Traders in Nigerian markets have decried the devealuation of the naira, blaming the removal of fuel subsidy as the cause.
Digging into the issue, RoyalTimes uncovered a concerning trend where consumers are frequently left without change when making purchases, ranging from five naira to ten naira, leading to the inflation of product prices.
During an interview with business owner Mrs. Aminah, she revealed that it has been quite some time since she has dealt with 5 naira notes because of their dwindling value in the market. She often persuades customers to round up their purchases when using these low-denomination notes.
“It’s been a while since I dealt with 10 naira, especially 5 naira notes, and most times I often round up figures when there is no change,although customers do complain but what am I supposed to do …even in the main market our suppliers do make the same complaint. So I do beg my customers to take sweet or seasoning cubes.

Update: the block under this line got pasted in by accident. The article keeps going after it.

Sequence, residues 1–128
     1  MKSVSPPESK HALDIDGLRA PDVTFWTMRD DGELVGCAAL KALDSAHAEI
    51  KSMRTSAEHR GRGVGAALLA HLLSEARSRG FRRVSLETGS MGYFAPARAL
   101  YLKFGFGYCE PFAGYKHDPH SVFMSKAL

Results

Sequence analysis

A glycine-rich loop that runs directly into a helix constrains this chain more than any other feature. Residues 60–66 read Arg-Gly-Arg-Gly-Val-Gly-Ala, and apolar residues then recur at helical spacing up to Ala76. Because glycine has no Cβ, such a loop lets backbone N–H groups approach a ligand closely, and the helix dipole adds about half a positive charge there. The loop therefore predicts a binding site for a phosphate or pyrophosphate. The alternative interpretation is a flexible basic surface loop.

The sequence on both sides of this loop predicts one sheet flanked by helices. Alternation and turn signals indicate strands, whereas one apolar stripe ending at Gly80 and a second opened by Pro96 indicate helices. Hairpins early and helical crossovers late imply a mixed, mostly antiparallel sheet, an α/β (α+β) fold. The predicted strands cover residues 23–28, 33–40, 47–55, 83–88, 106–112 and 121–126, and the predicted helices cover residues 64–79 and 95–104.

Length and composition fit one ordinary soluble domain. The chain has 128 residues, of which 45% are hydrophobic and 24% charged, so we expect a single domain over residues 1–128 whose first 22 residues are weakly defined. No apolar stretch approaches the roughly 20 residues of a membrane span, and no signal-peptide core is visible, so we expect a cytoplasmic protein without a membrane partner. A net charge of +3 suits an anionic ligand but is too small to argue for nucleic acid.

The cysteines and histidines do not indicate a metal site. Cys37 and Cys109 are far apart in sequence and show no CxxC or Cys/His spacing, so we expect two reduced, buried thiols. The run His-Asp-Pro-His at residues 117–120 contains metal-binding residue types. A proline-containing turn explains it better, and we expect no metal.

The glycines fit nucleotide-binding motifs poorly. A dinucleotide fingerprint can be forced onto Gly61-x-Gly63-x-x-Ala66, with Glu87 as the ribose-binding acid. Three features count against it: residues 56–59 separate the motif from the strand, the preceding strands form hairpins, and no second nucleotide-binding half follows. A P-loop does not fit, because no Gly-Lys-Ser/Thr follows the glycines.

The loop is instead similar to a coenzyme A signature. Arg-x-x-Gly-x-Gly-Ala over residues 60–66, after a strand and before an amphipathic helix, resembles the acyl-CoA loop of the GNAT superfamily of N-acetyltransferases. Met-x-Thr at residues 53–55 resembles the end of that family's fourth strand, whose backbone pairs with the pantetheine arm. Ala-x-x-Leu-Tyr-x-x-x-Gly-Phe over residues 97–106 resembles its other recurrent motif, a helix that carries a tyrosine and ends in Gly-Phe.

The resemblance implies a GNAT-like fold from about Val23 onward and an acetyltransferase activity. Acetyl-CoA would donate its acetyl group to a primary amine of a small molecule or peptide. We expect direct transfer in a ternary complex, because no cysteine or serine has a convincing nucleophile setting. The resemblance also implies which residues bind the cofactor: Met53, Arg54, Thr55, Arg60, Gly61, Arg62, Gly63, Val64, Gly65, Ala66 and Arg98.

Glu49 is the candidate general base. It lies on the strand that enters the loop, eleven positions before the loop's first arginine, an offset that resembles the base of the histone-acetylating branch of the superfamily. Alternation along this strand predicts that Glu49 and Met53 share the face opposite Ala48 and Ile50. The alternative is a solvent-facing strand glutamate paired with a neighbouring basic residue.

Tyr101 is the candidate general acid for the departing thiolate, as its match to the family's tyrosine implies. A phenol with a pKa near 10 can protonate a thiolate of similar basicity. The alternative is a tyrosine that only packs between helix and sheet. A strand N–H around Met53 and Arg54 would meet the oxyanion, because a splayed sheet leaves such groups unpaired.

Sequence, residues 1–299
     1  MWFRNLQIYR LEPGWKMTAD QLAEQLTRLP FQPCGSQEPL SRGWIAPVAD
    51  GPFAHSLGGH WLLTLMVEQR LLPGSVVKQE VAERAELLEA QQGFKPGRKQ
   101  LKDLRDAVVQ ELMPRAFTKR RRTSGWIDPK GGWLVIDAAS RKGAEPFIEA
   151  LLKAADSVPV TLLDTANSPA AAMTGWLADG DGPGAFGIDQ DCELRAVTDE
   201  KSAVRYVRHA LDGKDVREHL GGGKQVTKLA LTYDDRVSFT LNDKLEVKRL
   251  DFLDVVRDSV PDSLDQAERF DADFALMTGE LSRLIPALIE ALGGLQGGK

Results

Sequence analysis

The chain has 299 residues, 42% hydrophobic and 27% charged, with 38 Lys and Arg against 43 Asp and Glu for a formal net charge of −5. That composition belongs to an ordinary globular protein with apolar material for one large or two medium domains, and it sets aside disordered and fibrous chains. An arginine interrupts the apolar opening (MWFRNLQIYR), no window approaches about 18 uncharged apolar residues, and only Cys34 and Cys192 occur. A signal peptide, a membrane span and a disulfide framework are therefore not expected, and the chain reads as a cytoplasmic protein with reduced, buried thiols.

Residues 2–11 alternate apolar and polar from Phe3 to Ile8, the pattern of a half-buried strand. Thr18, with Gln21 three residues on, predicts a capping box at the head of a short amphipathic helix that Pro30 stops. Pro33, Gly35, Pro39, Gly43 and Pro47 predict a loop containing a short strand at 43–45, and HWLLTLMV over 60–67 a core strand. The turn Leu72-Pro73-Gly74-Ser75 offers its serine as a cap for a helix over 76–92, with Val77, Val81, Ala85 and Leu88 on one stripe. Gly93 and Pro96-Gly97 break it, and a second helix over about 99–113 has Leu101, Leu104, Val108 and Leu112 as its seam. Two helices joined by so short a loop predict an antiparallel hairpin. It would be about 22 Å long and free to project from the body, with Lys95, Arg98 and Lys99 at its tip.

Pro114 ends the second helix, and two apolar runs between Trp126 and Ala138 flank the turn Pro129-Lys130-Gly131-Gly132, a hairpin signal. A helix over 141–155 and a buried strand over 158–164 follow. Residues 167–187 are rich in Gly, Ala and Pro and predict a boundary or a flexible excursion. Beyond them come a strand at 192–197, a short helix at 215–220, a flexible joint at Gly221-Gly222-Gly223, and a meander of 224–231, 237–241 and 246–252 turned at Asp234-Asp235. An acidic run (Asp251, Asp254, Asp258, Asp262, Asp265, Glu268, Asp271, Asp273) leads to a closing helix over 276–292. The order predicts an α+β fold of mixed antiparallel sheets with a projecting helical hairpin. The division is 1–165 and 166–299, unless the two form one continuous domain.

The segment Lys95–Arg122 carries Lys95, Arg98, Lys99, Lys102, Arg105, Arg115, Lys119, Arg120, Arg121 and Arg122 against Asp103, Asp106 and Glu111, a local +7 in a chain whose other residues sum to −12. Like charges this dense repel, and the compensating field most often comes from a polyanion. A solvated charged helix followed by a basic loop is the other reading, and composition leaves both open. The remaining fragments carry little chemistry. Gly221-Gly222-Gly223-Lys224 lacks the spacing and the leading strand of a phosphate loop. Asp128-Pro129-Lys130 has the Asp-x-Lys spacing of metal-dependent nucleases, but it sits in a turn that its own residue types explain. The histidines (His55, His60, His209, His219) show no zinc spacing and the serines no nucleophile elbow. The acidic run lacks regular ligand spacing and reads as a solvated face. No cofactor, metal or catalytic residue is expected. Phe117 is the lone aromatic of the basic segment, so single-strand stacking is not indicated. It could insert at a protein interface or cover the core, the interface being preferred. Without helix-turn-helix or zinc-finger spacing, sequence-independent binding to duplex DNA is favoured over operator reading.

In another interview with a consumer, he admitted that he rarely uses five and ten naira notes for transactions, preferring mobile payments since the naira’s redesign. He emphasized that these low-denomination notes have essentially lost their worth in market exchanges.
“I rarely deal with five naira, ten naira notes, but most times I do transfer and I noticed the naira scarcity and devaluation started since the naira redesigned period. As for me I don’t see the necessity in spending five naira, ten naira again cause it has lost its value completely in the market”
Both individuals, however, appealed to the government for lasting solutions to mitigate the impact of subsidy removal on living standards and restore value to the beleaguered currency.
“We beg the government to find solutions to our problems,cause this naira devaluation is really affecting our living standard and there is nothing we can do on our end, unless the government intervene”
According to analysts, since Nigeria heavily relies on imported goods, a weaker naira inevitably leads to increased product prices, reflecting the broader issue of currency